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1.4 Time Complexity

What is time complexity?

Time complexity represents the number of times a statement is run. The most common misconception with time complexity is that time complexity is not the actual time required to run an algorithm. This is due to the fact that programming languages, OS, and processing power differ from program to program. There are many different types of time complexity formulas.

Linear Time Complexity: O(n)

Linear Time Complexity is the same thing as a linear graph. If the input grows the number of operations increases and vice versa. These circumstances are when you have to look at every item in your data to do whatever the algorithm is made for. An example of this is when you want to find a certain value. This means that every time it looks for our data it's spending more time to get the desired result.

Visualization:

Desired = 10 Input= [1,2,3,4,10] The algorithm to find the Desired will run like False, False, False, False, True.
 
And it will take the longest time whereas below.
Desired = 1 Input= [1,2,3,4,10] The algorithm to find the Desired will run like True and break resulting in the slowest number of operations.

Constant Time Complexity: O(1)

When we have constant time complexity the size of the input doesn't matter. This means that algorithms with n size will take a constant amount of time to run. Due to the nature or constant time complexity this is the fastest algorithm out there. This means that if our input string or number is 1 it will run just as fast if we were to have 1 million or even 1 billion numbers.

Logarithmic Time Complexity: O(log n)

Algorithms that manage to run in this time frame are great for computation time. An algorithm is said to run in logarithmic time if its time execution is proportional to the logarithm of the input size. In simple terms that means that the time decreases as operations grow instead of taking longer like Linear Time Complexity. These programs run by discarding portions as it goes instead of going through all of it a.k.a Divide and Conquer.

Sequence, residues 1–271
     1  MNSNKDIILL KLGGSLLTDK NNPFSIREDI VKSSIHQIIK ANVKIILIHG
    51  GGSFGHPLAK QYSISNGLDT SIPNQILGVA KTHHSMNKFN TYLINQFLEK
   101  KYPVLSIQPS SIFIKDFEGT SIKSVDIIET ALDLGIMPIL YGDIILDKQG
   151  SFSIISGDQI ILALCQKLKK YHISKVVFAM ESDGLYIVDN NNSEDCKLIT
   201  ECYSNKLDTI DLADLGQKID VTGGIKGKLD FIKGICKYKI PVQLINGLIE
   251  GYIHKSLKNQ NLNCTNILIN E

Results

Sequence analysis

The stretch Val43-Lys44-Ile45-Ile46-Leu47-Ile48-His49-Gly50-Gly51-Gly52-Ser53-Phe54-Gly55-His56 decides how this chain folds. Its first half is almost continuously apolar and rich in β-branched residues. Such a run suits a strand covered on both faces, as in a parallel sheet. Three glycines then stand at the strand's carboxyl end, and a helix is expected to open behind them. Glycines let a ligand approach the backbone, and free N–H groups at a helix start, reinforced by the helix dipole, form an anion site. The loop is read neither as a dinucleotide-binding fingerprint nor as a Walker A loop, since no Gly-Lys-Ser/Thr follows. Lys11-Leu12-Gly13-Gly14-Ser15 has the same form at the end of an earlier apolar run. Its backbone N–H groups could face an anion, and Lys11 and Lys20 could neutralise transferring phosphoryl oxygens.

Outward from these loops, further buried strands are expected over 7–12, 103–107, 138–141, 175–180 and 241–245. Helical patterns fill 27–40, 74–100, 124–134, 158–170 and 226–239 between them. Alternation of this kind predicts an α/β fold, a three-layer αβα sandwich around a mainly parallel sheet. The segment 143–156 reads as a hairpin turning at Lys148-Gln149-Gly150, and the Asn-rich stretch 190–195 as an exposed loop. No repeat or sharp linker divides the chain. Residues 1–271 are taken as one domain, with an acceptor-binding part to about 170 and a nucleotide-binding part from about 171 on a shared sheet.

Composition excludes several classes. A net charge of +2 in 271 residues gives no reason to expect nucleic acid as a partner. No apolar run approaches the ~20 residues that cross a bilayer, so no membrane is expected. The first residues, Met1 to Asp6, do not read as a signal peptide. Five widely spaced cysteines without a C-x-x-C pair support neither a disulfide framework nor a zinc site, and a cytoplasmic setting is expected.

Quadratic Time Complexity: O(n^2)

This type of algorithm grows directly proportional to the square of the size (That’s why it’s n^2 where n is the input). In most cases algorithms with large quantities of data should be avoided in this complexity as it takes a long time to run. Nested for loops run in quadratic time because you are running one for loop and then another for loop inside it.

Exponential Time Complexity: 0(2^n)

In Exponential Time Complexity the growth rate doubles with each input (That’s why it's 2^n where n is the input). This means that when the input increases by 1 it causes you to double the number of runs performed. This could be a bad thing but it could also be a really good thing. This is because there are some situations where we don't have enough information about the best solution so it has to try all the possible permutations and combinations.
 
The best programs are the programs that take the least amount of iterations before shooting out an output. The best thing to keep in mind when programming is to try to keep your algorithms running with or below linear time-complexity but sometimes that may not be possible. Finding time complexity takes some practice and a good idea of the formulas and what you are running.
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